Igor Giorgadze: Fights for Georgia


Moscow News (Russia)
July 21, 2006

By Dmitry Starostin The Moscow News

The Georgian opposition leader has dreams of building another

The man that some Georgian politicians have compared to bin Laden,
whereas others see as the country’s future savior, has been on the
international wanted list for the past 11 years, moving frequently
between undisclosed countries abroad. The son of a Soviet KGB general,
Igor Giorgadze, in 1973, graduated from the KGB Higher School in Moscow
and was sent to work in Georgia. In 1980-81, he fought in the war waged
by the USSR in Afghanistan as part of the Kaskad special task unit. By
the time the Soviet Union disintegrated, he had reached the rank of KGB
lieutenant general. When Georgia’s first president, Zviad Gamsakhurdia,
was toppled, Giorgadze threw his support behind the Military Council
("triumvirate") that came to power in the country in March 1992. In
1993, Giorgadze was appointed Georgia’s state security minister. In
1995, Igor Giorgadze left the South Caucasus state after an alleged
assassination attempt on President Eduard Shevardnadze. The ruling
authorities accused him of masterminding the attack and charged him
with terrorism.

In 2001, Giorgadze’s supporters in Georgia formed an opposition party,
known since 2003 as Justice. It also serves as an umbrella group for
the Anti-Soros Movement and a charity foundation.

On May 23, 2006, Vladimir Kolesnikov (then-deputy prosecutor general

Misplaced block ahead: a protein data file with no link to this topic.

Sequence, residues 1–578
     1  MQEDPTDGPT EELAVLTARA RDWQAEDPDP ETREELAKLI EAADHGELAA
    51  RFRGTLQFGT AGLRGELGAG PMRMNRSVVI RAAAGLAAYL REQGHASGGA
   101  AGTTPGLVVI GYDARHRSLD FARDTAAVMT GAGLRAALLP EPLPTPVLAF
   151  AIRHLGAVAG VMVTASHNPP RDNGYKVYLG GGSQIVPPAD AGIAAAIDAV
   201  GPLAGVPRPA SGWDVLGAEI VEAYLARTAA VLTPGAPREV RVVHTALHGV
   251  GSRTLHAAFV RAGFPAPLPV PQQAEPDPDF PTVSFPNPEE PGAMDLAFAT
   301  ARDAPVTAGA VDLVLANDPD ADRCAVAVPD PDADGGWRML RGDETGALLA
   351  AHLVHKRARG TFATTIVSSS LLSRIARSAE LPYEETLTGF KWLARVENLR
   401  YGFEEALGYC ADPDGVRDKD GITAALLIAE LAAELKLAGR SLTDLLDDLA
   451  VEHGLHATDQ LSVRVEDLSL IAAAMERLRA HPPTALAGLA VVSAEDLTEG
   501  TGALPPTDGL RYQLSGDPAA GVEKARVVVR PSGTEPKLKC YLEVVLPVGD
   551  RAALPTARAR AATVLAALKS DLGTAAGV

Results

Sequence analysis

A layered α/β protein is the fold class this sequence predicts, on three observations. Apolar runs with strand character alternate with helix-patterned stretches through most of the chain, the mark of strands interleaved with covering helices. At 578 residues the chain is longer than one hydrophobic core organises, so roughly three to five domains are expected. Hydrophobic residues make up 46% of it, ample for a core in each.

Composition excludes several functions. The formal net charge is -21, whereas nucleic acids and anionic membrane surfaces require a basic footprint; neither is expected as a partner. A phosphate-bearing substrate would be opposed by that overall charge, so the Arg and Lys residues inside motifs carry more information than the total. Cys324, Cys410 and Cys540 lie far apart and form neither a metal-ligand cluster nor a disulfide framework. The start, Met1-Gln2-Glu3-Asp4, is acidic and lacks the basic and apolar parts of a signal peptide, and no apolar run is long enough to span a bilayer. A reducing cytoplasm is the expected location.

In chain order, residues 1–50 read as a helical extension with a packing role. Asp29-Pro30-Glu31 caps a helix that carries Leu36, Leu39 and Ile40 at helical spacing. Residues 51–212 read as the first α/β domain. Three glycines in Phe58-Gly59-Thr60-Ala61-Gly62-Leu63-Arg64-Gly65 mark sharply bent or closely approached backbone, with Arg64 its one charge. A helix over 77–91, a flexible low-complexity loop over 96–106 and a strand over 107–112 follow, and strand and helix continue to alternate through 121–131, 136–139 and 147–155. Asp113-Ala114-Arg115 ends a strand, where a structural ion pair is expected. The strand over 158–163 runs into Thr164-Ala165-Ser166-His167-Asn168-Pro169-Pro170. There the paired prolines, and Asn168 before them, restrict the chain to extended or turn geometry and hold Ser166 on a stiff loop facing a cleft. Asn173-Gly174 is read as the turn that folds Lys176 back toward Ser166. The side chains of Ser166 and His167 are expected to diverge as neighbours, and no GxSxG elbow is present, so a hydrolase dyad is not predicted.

of the Russian Federation) said that Russia might grant Igor Giorgadze
political asylum. The Georgian Foreign Ministry immediately protested
the move.

An MN correspondent met with Igor Giorgadze in one of the FSU states.

You have denied any involvement in the assassination attempt on
President Eduard Shevardnadze on August 29, 1995? What happened on
that day?

A presidential election was set for November 1995. By that time, my
disagreements with Shevardnadze over Georgia’s future had come to a
head. April and May polls showed that I was far ahead of Shevardnadze,
as were Aslan Abashidze then-leader of the Georgia region of Adzharia
and Dzhumbert Patiashvili, a former secretary of the Central Committee
of the Communist Party of Georgia. I made it clear that as state
security minister

I would not allow ballot rigging.

An easy way out of that situation was to stage an assassination attempt
on Shevardnadze and then crack down on his political opponents. In its
wake, about 400 people were arrested. Not surprisingly, Shevardnadze
won the election.

Are the people who you say were involved in the act still alive?

Yes, they are.

Do you know who they are?

Shota Kviraya, then-interior minister, and people in charge of
Shevardnadze’s personal security.

There were 14 defendants and 365 witnesses in the 1997-98 trial of the
alleged masterminds and perpetrators of the assassination attempt. None
of them testified against me or produced any physical evidence.

You returned to politics in July 2001. Presumably, you managed to
convince a certain part of the Georgian business community that you
had good political potential.

Luckily, many Georgian businessmen immediately saw through the
"rose revolution." It was a travesty. Shevardnadze was hated so much
that had he appointed a successor (as Yeltsin had), he would have
been torn into pieces. About two years before the 2003 parliamentary